FILE - A drought-plagued Iranian farmer carries a shovel to his tomato field in Fars province.
FILE - A drought-plagued Iranian farmer carries a shovel to his tomato field in Fars province.

Escalating street protests by Iranians against water shortages in a rural part of central Iran have inspired more domestic criticism of the government's handling of the nation's water resources.

Overseas-based human rights groups say the protests by farmers in Varzaneh in Isfahan province began last month and escalated into violent confrontations with security forces last week.

FILE - An Iranian man looks toward an abandoned bo
FILE - An Iranian man looks toward an abandoned boat in Sikh Sar village at the Hamoon wetland near the Zabol town in Sistan-Baluchistan province, Feb. 2, 2015.

Iranian activists have posted several video clips on social media showing what they said were Varzaneh farmers protesting the transfer of local river water to steel factories in neighboring Yazd province.

One of the clips, which the activists said were recorded last Friday, shows a barren area with a large group of people confronting police on foot or on motorcycles. Some of the protesters threw stones at the police, who the video narrator said responded with tear gas and bullets.

Iranian state-affiliated news agency Mehr said a member of parliament for Isfahan province blamed the violence on the government. In a report published Sunday, Mehr quoted Hassan Kamran-Dastjerdi as telling an open session of parliament that Iran's energy ministry has "plundered" water from Varzaneh's farmers by redirecting it to steel factories and refineries in neighboring areas. He said the farmers had been working on the land along the Zayandeh River for centuries.

'Losing their livelihood'

In Tuesday's edition of VOA Persian's Straight Talk call-in show, one caller, who said he was in Isfahan province and identified himself as Mohsen, said the Zayandeh River has been drying up, making it harder for farmers to plant rice and driving up rice prices.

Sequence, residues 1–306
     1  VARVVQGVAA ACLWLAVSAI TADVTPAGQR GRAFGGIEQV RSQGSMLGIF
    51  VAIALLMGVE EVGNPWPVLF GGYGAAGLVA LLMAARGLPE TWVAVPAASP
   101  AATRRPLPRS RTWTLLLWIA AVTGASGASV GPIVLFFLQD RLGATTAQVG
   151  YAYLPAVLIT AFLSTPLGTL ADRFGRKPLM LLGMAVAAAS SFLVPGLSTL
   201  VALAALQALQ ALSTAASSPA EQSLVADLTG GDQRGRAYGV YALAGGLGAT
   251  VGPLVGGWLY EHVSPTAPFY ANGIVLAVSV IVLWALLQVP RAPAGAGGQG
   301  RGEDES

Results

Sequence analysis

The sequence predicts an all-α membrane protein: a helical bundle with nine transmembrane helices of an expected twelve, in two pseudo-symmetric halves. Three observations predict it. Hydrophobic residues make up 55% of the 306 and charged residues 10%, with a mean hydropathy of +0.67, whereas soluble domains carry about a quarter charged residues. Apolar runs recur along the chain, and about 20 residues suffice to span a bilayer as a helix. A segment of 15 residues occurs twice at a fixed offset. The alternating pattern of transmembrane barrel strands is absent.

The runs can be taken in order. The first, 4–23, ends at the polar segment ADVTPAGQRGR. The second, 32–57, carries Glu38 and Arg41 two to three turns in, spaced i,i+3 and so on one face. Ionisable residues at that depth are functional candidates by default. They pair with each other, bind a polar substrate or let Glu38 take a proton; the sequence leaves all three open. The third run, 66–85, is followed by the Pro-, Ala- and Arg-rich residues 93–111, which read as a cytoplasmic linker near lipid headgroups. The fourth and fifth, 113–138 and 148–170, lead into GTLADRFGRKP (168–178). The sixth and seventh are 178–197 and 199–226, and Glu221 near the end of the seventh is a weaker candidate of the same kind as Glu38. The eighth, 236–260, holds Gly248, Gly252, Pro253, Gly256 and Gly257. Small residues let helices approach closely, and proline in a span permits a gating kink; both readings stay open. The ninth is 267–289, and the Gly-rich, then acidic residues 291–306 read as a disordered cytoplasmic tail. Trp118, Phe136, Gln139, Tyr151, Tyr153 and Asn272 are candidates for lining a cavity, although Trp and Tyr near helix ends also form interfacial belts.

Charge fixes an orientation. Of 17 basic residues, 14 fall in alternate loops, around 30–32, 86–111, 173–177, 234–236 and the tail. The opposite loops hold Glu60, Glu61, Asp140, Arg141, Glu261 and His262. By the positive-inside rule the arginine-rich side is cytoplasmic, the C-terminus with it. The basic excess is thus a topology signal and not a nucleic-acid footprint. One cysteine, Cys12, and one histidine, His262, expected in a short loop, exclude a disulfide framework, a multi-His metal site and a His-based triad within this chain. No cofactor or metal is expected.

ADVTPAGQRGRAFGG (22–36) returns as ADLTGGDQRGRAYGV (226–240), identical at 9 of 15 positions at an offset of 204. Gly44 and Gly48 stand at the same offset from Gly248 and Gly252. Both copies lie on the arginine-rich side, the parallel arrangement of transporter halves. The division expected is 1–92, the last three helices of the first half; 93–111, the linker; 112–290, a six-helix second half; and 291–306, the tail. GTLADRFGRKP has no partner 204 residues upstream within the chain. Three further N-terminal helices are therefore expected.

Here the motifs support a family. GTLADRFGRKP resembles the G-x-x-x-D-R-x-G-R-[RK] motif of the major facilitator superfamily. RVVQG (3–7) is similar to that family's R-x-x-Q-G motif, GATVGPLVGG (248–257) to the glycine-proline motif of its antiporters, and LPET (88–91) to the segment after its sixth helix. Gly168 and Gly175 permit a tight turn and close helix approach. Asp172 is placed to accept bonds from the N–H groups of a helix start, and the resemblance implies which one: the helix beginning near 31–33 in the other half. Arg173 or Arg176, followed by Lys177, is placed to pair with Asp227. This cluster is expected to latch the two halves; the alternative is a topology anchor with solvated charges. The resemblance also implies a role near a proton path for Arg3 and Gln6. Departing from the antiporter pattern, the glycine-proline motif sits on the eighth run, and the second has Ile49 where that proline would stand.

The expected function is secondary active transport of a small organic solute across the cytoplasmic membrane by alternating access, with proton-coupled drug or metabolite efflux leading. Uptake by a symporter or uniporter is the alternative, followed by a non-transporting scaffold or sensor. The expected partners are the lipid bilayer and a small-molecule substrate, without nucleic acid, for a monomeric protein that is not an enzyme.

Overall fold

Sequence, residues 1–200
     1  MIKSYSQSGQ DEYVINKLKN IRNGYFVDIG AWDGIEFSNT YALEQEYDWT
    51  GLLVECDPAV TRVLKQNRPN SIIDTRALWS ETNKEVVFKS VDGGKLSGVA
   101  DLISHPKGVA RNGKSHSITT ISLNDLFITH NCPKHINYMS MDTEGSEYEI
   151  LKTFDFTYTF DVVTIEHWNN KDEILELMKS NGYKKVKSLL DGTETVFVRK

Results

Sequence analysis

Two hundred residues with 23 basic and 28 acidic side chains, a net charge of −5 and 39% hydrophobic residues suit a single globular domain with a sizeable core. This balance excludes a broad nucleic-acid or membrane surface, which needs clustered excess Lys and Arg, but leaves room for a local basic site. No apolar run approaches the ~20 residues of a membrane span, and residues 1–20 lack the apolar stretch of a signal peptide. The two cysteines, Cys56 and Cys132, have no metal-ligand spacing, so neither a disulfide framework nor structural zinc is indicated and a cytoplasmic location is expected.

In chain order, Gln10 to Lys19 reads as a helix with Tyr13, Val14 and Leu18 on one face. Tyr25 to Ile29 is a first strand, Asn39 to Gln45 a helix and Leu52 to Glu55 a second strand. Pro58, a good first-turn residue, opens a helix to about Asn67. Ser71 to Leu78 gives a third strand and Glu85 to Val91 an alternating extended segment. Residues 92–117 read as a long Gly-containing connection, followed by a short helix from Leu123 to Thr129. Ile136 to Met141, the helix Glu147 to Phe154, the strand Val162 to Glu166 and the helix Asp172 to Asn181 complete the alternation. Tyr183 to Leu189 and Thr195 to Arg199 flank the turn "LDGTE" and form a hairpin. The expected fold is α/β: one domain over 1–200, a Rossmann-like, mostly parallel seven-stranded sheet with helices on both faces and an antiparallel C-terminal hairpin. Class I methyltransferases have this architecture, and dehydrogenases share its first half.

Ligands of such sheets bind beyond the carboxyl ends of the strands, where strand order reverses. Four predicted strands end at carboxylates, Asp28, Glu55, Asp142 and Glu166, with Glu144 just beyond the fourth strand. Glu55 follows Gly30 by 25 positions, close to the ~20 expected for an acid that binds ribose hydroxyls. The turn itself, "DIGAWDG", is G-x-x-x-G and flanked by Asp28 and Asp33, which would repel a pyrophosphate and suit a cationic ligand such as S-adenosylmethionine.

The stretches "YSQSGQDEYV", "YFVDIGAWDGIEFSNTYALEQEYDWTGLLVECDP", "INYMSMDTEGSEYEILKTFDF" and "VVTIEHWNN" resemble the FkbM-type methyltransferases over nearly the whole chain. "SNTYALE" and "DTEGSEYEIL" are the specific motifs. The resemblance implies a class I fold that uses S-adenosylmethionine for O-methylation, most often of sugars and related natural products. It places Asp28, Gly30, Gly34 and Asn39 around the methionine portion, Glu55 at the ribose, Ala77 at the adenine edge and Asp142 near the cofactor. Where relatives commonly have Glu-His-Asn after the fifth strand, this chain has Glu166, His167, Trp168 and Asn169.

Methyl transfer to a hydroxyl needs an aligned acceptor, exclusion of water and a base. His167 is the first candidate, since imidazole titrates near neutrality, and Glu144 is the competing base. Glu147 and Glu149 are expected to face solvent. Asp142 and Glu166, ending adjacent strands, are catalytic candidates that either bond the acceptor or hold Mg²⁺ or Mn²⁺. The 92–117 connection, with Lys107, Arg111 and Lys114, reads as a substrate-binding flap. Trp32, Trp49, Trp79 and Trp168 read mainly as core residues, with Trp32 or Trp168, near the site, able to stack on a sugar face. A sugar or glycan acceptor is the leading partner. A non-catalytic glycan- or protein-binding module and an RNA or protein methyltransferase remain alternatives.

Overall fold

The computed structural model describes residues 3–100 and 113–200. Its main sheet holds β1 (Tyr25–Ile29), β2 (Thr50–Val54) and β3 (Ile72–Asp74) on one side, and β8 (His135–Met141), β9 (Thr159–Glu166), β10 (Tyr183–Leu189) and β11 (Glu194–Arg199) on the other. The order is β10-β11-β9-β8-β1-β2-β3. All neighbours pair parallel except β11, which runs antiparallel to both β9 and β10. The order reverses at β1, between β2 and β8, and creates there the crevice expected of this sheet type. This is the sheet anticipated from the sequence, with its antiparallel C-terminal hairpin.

"Isfahanis are not pleased that water from Isfahan is being diverted to Yazd, even though the people there are fellow citizens," Mohsen said. "The farmers are losing their livelihood because the river water is not available to them. That is why they are demonstrating."

Mohsen and the other Iran-based callers to Straight Talk criticized what they saw as the Iranian government's mismanagement of water resources, which have been depleted across the country in recent years.

A man who said he was calling from the southwestern province of Khuzestan, said the area had been suffering from water shortages, despite the existence of government-built dams. He also said the government lacked technology to turn wastewater into drinking water and had not done enough to educate people to avoid using drinking water for washing.

Iranian officials have acknowledged that outdated agricultural and irrigation systems and poor water management policies in the past three decades have contributed to the shortages. Below-average levels of precipitation in recent months have exacerbated the situation.

FILE - This picture taken Aug. 26, 2016, shows an
FILE - This picture taken Aug. 26, 2016, shows an Iranian spending time in Urmia Lake near Urmia, in northwestern Iran.

The lack of rain has led to further shrinkage of Iran's Lake Urmia, the largest saltwater lake in the Middle East. In a report published last month, Iran's Financial Tribune said the latest data from the West Azerbaijan Regional Water Authority showed Lake Urmia had shrunk by 248 square kilometers (96 square miles) over the past year. The report also said precipitation in the lake's catchment area had fallen 7 percent from September to February, compared with the same period the year before.

Behrooz Samadbeygi and Afshar Sigarchi of VOA's Persian service contributed to this report.

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